HomeScienceEbola virus can spread among survivors years after infection - Times of...

Ebola virus can spread among survivors years after infection – Times of India

Tokyo: Ebola survivors can re-spread at least five years after infection and trigger an outbreak, and long-term follow-up of former patients is needed to prevent devastating flare-ups, according to new research.
Scientists already knew that Ebola could be dormant in survivors who test negative because the virus is in tissue rather than circulating in the blood.
But an analysis of an outbreak this year guineaPublished Wednesday in the journal Nature, these “virus reservoirs” were found to be able to awaken and cause years of new infections and transmission.
To trace the source of the Guinea outbreak, which included 16 confirmed cases, 12 of whom died, researchers analyzed the genomes of samples from several patients.
Ebola outbreaks are generally thought to result from the virus “spilling” from an animal host to a human.
But the analysis showed that the Guinea strain was almost identical to the 2013-16 wave.
If the virus had been actively circulating in the community since then, it would have accumulated a certain number of mutations as it spread.
Instead, the 2021 virus had only 12 changes, “much less than expected … during six years of continuous human-to-human transmission”.
This strongly suggests that the source was a reactivated virus lying dormant in a survivor, said alpha keeta, a researcher in Montpelier University who led the study.
“This is the longest known time between the declared end of a pandemic and a viral resurgence,” he told AFP.
“This is a new paradigm: the possibility that transmission from a person infected during a previous epidemic may be the source of a new outbreak.”
How and why a dormant Ebola virus suddenly wakes up and makes a person sick remains a mystery, although there are some tantalizing clues.
Sometimes a spike in Ebola antibodies can be detected in survivors over a given period of time – a possible sign that the body is responding to a resurgent virus.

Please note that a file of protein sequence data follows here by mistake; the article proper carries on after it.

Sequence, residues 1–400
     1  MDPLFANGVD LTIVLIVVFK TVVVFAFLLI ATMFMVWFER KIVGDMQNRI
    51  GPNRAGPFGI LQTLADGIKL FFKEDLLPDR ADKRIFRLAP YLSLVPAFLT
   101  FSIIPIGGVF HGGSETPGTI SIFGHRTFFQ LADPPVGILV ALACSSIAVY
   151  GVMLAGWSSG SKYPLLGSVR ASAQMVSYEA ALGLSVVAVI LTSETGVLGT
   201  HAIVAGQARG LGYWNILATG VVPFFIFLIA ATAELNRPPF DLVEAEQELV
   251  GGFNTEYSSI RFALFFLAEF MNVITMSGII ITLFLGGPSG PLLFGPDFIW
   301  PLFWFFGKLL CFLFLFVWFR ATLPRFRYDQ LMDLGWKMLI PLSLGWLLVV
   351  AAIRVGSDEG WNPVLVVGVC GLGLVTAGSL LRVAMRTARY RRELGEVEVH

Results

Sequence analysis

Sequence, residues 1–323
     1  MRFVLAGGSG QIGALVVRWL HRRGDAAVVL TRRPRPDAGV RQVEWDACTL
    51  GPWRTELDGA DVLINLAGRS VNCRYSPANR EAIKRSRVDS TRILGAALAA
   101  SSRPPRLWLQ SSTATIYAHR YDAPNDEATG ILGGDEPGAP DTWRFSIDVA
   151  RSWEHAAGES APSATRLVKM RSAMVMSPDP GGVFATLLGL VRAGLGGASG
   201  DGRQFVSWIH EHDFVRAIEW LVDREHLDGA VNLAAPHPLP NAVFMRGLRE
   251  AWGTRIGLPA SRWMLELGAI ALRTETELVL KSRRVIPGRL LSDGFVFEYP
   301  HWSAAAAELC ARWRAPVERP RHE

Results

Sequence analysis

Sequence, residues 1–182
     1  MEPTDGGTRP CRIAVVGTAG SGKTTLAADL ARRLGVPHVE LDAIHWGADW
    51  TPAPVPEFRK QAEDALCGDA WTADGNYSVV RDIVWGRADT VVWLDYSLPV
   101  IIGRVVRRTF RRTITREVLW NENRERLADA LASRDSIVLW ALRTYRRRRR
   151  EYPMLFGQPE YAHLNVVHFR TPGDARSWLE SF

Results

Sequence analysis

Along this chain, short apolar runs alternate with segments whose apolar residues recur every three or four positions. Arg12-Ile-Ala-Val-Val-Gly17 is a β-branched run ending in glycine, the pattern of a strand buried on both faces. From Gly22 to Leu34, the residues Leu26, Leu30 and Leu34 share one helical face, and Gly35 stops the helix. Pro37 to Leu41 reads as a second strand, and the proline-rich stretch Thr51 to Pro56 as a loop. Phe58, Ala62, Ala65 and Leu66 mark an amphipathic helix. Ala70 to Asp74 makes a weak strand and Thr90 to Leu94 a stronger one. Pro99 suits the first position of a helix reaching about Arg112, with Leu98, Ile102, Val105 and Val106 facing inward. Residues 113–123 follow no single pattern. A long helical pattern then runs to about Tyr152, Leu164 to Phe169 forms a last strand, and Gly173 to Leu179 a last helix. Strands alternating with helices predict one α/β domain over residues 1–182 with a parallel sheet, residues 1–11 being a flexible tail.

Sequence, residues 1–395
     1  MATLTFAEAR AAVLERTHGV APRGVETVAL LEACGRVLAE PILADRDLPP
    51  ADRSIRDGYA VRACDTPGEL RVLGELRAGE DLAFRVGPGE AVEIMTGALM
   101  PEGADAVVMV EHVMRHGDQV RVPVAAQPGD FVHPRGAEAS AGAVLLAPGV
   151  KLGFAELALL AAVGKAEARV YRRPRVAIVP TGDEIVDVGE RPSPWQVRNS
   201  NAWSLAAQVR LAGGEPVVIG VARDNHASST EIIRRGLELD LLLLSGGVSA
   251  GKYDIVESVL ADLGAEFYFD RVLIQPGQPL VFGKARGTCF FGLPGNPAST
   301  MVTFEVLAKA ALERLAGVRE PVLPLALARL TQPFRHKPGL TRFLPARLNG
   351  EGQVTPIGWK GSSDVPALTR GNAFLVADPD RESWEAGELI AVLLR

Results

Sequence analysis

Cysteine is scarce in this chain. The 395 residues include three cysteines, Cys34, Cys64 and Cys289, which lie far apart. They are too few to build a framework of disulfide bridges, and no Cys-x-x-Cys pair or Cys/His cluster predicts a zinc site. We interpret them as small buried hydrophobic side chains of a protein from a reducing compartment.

About two-thirds of Ebola survivors still have high antibody levels five years after infection, but “the question is what happens if there is a relapse in people whose immunity has dropped”, Keita said.
The study’s findings have “substantial implications for public health and the care of Ebola survivors,” said Robert F. Gary of Tulane University’s School of Medicine.
“Humans can now be added to the list of intermediate hosts that can serve as long-term Ebola virus ‘reservoirs’ and trigger new outbreaks,” he said in a review commissioned by Nature. wrote.
He said there is a need to prioritize health workers for vaccination and monitoring Ebola survivors for signs of an outbreak.
Keita said a broader definition of “Ebola survivor” is now needed, beyond those who are struggling with symptoms.
Even asymptomatic individuals “can be starting points” for outbreaks, he warned.
“We need a real, long-term follow-up protocol … so that we can catch resurgence in people who are already infected in time.”
However, he cautioned that follow-up action should be done carefully to avoid exclusion of survivors, which is echoed by a point. trudy lang, director of Oxford University’s Global Health Network.
“These guys are considered heroes by some for the sake of survival,” she said.
“Yet (they) can also be stigmatized and ostracized if there is a fear of these individuals posing a risk.”
Lang, who was not involved in the study, said it offered “impressive new findings.”
The study shows “what we still don’t understand, but really need to learn, if we are to tackle these looming threats,” she said.
Going forward, Keita wants to see work on the causes of the viral resurgence and research on eradicating Ebola reservoirs in survivors.
“We have to look at Ebola as a global problem,” he said.
“Every person exposed to the virus who had a strong serological (antibody) response could be the starting point for a new resurgence.”

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